Math Lesson: Unpack it & Graph it !

I love online shopping. With a handful of small children, you have to love online shopping (because browsing in the stores will make you insane). I never knew what to do with the packing peanuts.

Did you know that when packing peanuts get wet they “melt”?

Here is a fun way to use them to teach your child math. They make quite a perfect fit for counting and graphing. You just need a piece of paper, small bowl with water, a marker, packing peanuts, and glue (not in the picture).

Draw a space and then write the numbers you wish to use. I used 1-5, but this can be a great way to introduce counting by two’s (or anything else).

Have your child dip the ends of the packing peanuts in water. Press the ends together. They will “melt” and fuse to each other. Don’t use too much water or the peanuts will dissolve too much and become mush. You can have your child count out the peanuts as he fuses them together.

Place some glue on the paper and attach the coordinating stack of packing peanuts to the numbers.

The end result is a neat graph that clearly shows which numbers are greater. It is a fun way for children to learn number recognition, counting, graphing, and whatever else you can think of. :-)

The stack in #4 really does have 4 peanuts, but a little too much water was used and one of the peanuts melted down into almost nothing. We still had a great time and learned a lot.

Halloween Math Activities

This month will be filled with Fall and Halloween crafts and themed activities . I had to post this one now so that all of you Target shoppers can get to the dollar spot to buy these Halloween erasers before they are gobbled up. I love using themed mini erasers for learning activities especially as  math manipulatives.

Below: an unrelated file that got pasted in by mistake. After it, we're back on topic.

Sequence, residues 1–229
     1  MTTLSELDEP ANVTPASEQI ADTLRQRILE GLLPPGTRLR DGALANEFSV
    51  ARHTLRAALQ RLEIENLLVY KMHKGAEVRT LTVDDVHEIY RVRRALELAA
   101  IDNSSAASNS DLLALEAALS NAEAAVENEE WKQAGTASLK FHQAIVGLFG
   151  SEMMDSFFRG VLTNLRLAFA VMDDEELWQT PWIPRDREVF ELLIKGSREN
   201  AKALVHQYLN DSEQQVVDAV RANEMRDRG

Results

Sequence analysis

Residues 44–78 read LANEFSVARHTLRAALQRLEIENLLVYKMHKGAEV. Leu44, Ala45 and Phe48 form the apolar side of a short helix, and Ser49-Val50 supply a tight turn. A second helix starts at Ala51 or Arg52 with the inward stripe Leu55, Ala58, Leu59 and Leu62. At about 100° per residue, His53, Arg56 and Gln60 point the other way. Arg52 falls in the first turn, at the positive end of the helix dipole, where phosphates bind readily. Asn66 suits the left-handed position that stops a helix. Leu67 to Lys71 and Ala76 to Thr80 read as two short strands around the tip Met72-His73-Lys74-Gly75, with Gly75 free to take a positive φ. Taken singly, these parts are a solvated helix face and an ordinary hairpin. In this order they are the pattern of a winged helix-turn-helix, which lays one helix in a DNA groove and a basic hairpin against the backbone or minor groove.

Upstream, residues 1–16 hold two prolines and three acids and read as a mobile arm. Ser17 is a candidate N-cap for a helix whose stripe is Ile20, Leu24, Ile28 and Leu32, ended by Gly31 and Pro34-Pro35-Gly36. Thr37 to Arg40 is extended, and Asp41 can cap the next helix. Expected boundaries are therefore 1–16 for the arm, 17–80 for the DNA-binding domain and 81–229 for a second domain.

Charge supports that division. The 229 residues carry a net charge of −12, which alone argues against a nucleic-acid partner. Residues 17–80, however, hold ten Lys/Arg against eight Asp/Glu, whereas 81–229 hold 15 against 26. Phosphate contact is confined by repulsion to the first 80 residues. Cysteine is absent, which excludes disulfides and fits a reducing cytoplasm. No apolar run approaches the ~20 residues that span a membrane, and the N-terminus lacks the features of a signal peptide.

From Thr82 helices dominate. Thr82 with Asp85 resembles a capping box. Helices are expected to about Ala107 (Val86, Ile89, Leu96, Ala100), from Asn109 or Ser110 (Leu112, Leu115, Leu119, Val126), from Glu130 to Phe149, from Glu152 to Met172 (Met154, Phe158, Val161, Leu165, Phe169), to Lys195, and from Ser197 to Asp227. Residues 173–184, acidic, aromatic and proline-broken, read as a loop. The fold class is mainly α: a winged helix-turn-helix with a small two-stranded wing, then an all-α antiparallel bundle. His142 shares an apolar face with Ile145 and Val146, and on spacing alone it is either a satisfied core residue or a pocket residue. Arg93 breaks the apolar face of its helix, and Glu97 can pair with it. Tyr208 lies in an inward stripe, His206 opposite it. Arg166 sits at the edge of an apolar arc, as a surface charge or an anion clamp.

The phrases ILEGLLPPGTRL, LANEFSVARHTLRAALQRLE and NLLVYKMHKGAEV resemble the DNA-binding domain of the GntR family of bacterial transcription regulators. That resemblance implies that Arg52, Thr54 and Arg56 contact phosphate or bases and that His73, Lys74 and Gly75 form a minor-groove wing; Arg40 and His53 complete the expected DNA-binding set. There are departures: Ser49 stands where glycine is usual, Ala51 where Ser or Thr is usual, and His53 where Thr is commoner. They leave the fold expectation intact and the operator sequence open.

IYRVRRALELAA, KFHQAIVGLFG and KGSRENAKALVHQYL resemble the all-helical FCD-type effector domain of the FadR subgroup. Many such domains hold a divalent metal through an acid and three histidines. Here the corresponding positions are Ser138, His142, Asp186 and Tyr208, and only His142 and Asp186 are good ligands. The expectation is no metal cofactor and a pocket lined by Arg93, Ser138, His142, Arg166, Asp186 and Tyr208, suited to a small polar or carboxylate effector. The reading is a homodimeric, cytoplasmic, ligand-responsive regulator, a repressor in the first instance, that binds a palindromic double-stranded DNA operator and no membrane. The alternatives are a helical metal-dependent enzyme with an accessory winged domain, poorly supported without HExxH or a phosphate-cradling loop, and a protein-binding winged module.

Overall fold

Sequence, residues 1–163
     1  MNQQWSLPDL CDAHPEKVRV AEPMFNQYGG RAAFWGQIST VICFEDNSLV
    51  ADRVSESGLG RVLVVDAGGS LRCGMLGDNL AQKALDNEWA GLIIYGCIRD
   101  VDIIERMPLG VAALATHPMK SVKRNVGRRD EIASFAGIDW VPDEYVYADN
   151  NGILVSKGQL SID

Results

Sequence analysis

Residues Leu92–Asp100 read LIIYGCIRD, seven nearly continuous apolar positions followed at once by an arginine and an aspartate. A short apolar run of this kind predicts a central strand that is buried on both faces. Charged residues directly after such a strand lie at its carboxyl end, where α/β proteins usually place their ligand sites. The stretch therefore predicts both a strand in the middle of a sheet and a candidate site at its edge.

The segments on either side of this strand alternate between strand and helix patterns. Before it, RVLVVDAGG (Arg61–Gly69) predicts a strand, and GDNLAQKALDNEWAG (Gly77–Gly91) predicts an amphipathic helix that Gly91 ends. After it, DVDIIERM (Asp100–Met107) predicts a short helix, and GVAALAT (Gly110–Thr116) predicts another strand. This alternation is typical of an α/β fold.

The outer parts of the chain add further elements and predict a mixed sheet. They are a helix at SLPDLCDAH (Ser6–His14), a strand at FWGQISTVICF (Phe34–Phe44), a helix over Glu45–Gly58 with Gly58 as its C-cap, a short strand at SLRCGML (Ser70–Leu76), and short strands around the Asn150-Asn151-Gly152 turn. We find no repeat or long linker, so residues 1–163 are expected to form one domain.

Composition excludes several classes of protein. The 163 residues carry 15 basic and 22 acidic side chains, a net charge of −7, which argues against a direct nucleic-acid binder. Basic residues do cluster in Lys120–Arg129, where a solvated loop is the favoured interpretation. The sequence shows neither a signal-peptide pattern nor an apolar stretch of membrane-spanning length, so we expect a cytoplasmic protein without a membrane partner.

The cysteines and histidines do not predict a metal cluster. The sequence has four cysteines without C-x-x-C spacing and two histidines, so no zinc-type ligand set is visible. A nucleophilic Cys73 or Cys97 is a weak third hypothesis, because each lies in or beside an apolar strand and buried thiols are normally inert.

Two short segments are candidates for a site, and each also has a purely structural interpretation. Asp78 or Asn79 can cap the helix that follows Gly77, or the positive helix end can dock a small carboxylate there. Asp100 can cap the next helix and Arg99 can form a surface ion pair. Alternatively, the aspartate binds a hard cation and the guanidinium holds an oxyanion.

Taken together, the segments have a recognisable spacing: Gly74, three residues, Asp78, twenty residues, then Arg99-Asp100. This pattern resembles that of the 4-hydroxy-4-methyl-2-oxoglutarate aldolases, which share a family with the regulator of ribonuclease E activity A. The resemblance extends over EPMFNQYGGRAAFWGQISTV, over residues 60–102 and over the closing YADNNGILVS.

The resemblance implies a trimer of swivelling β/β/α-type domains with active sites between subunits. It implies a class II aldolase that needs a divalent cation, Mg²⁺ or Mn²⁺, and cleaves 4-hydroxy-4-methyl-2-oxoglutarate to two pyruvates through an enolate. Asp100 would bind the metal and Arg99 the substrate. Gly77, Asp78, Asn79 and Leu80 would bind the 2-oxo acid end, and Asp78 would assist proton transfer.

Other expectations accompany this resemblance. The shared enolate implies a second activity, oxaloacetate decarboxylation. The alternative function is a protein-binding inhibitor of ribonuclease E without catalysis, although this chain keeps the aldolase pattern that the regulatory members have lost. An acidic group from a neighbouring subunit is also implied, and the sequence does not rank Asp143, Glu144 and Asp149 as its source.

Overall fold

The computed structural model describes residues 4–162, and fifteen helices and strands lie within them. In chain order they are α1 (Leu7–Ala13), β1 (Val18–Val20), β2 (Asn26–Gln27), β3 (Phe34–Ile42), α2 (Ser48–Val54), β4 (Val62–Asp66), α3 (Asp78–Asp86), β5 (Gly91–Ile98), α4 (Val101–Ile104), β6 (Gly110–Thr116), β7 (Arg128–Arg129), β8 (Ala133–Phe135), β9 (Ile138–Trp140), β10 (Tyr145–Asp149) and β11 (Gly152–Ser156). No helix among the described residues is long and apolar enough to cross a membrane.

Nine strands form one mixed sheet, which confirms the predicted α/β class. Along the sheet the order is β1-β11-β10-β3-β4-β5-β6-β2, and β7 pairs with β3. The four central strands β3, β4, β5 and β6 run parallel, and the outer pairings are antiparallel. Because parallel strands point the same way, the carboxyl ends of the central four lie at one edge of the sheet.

Halloween Graphing


Using manipulatives is a great way to introduce children to graphing. Explain that graphs help us see the answers to questions  . Also take the time to make predictions before graphing , such as which row will have the most , which will have the least?Ask them why? I am always fascinated by the reasons why my son makes certain predictions.

  1. Gather your materials. You will need a large piece of white paper, a ruler, markers, some fun Halloween manipulatives, and a plastic jack-o-lantern container.  I think when you try to make everything themed kids get more excited and learn more.
  2. Start by making an easy graph. I used pictures and words to represent our manipulatives, my son is interested in the words but not yet ready to rely only on them.
  3. Grab the manipulatives you are using . I made sure to have 3 different amounts . Pop them in your jack-0-lantern.
  4. Invite your child(costume optional) to the table to start. My son dumped the erasers but taking them out one at a time is great too!
  5. Ask your child to make a prediction – which of the three designs do they think will have the most? Least? Why?
  6. Place them on the graph. 
  7. Keep going!
  8. Just by looking at them which has the most? Least?
  9. Count them to check.

Halloween Patterns


Patterning was one of my favorite preschool math activities to teach. I have found that if you sing song the pattern children have an easier time recognizing the pattern and start using that device themselves when encountered with a pattern they need to continue.